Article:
Bad Faith confronts the consequences of a French cultural and political divide that goes back to the Revolution and before. Right-wing conmen and bullies like Darquier flourished between the wars by exploiting a perennial xenophobia grounded in rabid hatred of democracy in general, and the Third Republic in particular. Anti-Semitism was a patriotic enterprise that had the full spiritual backing of the Roman Catholic Church. Shrewd, manipulative and unscrupulous, Darquier acted out the extremist fantasies of a whole generation whose formative experience had been trench warfare in 1914-1918.
Twenty years old at the end of the First World War, he drifted into a career as playboy and sponger, slithering from one dodgy deal to the next and being regularly bailed out by his family. At the end of the 1920s, he moved to London, married a would-be chorus girl from Tasmania, and lived from hand to mouth with her until he was hauled up in April 1930 before Marlborough Street magistrates' court for failing to pay his bills at Brown's Hotel.
By this time, he had acquired an imaginary title to go with his monocle and his stylish new wife. "What, a baron and a baroness?" said the magistrate, fining Louis £100 on the grounds that anything less would be an insult.
A daughter was born in lodgings four months later, and almost immediately given away to the unqualified nanny who answered the couple's advertisement for childcare. Anne Darquier grew up in rural poverty in Oxfordshire, unvisited by her parents, neither of whom ever treated her as anything but a lever for extracting hand-outs from their respective relatives in Tasmania and France.
Back in Paris, Darquier's credit rapidly wore thin. By 1936, his bar bill alone came to 50,000 francs (£22,000 in today's money). It was at this point that he became a professional anti-Semite.
Darquier had already established himself as a nationalist hero by being the only non-working-class hooligan wounded in a famous fascist riot in Paris in 1934. Two years later, he began calling for Jews to be expelled or slaughtered: "The weak deserve to be massacred. We French are a strong people." This kind of threat brought him instant celebrity, influence and cash. "If I want to, 10,000 men will take to the streets tomorrow and kill 100,000 Jews," he boasted, offering to arrange the assassination of the prime minister, Léon Blum.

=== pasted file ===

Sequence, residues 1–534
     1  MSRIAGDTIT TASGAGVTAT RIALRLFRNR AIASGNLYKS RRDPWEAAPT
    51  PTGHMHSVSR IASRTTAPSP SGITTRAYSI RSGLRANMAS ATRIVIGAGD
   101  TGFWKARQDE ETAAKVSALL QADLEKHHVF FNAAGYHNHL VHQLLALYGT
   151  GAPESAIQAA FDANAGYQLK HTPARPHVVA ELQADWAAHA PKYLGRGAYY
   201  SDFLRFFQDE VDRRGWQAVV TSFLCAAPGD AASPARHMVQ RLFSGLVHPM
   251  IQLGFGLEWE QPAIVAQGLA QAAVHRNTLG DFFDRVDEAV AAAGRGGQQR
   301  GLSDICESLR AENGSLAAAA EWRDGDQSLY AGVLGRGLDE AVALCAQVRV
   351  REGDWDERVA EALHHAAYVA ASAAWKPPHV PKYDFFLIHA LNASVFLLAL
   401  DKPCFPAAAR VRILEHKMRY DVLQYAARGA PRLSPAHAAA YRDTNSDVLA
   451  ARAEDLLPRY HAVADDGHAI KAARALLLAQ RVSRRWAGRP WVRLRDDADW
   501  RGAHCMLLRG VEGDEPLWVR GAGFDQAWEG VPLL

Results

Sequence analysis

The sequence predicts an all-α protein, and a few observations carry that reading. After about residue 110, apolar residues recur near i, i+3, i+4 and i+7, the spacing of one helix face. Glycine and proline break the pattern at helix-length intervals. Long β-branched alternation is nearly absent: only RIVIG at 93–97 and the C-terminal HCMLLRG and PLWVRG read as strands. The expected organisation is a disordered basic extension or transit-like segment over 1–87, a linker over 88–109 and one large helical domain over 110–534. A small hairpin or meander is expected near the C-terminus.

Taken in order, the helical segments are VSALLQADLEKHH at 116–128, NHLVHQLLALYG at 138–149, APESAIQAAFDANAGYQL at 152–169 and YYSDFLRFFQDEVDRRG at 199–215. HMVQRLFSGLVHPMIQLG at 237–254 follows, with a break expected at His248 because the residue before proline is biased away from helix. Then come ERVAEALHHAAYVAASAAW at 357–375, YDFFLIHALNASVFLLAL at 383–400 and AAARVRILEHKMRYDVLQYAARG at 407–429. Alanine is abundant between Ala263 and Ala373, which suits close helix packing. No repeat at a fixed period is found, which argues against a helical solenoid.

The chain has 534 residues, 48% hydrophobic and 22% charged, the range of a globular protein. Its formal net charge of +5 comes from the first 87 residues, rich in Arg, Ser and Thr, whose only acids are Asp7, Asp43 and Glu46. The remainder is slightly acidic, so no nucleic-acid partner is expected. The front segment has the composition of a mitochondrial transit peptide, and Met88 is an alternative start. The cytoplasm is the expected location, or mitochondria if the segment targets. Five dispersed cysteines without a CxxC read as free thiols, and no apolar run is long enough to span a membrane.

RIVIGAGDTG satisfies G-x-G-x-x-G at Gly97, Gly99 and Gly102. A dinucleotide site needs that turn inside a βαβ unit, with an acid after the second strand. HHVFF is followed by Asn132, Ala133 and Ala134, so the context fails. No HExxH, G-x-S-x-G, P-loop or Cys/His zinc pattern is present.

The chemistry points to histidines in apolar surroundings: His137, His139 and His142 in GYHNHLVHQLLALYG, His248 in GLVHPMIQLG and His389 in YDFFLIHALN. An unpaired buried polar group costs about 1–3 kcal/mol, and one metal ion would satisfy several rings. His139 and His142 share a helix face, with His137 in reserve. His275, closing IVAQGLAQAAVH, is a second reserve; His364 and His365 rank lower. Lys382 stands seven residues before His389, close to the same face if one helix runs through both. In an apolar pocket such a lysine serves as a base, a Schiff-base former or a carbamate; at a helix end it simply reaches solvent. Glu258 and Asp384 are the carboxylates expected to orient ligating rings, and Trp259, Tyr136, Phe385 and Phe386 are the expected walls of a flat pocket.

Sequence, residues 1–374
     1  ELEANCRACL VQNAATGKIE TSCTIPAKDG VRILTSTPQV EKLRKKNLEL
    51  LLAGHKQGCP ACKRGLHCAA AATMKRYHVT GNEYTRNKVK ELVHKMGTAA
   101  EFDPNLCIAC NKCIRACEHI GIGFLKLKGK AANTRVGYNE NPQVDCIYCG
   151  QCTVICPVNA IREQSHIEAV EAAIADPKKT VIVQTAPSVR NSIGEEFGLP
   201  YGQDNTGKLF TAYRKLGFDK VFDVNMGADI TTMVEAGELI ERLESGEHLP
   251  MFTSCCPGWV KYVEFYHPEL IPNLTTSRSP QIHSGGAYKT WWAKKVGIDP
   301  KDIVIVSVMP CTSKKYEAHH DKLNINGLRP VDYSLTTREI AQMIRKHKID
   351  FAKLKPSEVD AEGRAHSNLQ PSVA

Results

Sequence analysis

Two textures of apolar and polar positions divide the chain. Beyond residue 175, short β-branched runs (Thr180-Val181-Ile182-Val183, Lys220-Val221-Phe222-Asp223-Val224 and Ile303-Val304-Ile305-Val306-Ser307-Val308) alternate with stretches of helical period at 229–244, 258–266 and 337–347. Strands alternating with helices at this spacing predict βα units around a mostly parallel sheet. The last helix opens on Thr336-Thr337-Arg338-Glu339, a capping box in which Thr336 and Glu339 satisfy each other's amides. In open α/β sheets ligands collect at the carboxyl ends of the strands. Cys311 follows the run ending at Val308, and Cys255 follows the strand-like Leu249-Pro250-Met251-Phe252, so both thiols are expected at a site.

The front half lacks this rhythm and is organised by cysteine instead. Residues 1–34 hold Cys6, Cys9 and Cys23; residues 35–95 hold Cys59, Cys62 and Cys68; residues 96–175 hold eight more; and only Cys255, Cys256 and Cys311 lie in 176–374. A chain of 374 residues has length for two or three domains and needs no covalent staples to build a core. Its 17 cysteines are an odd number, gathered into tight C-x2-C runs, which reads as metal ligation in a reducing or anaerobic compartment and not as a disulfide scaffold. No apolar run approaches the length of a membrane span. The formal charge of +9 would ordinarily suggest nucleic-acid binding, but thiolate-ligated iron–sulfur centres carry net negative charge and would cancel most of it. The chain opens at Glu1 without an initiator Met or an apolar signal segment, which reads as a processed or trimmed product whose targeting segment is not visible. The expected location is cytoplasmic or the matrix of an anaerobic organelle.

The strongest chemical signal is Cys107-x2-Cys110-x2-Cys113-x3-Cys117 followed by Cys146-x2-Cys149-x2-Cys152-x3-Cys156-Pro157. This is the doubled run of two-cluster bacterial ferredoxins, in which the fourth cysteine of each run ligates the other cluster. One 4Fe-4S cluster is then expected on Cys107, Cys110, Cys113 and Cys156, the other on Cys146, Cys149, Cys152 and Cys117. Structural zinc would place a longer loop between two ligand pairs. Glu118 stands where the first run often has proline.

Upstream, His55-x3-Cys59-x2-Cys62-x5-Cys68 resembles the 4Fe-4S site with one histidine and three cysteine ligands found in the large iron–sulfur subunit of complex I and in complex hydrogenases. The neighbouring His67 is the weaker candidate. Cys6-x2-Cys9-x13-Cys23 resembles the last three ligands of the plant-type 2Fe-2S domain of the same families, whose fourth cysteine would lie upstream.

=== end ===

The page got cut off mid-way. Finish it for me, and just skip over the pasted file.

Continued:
He was assiduously groomed for power by the Nazis. He had his own bodyguard of thugs, and his various activities - youth clubs, publicity campaigns, newsletters and other publications - were secretly funded from Germany. The scientific initiatives he would later institute in the name of racial purity were prefigured before the war in lectures by his protégé, Professor Georges Montandon, who advocated branding Jews with red-hot irons and slicing off their noses. After France's defeat, Darquier was the ideal candidate to rid the country of what Pétain called "Jewish leprosy".
One of the most spine-chilling aspects of this book is its workmanlike exposé of the mundane routines of institutional anti-Semitism. France struggled to meet annual quotas laid down by Germany. Age limits had to be extended, children included and French citizens thrown in to make up the numbers. Eventually even the prime minister, Pierre Laval, grumbled that he could no longer supply Jews in pre-arranged quantities at set prices "like something from a department store".
Laval was shot in 1944. Darquier escaped to Spain, where he died a natural death 35 years later without ever acknowledging the reality of his past. On a first and last visit to her father as a teenager after the war, Anne Darquier grasped immediately who he was and what he had done. The shock reinforced her driving ambition to study medicine, and made her one of the outstanding Jungian therapists of her generation. "She understood anguish," writes Carmen Callil, who became her patient as a young woman in desperate need of help. "She could heal others… but she could not heal herself. And, the child of gamblers, she had wretched luck."
Dr Darquier killed herself in 1970. "There are some things and some people you can never forgive," was all she said about her parents to Callil. This book sets out to unravel what she meant. It began as an act of justice - part reparation, part exorcism - and has ended up many years later as a work of phenomenally thorough, generous and humane scholarship.
Like Anne Darquier, Callil understands anguish, and lays bare its causes with clarity and precision. Bad Faith exemplifies what Primo Levi called the "continuous intellectual and moral effort" that is the only adequate response to the events described here.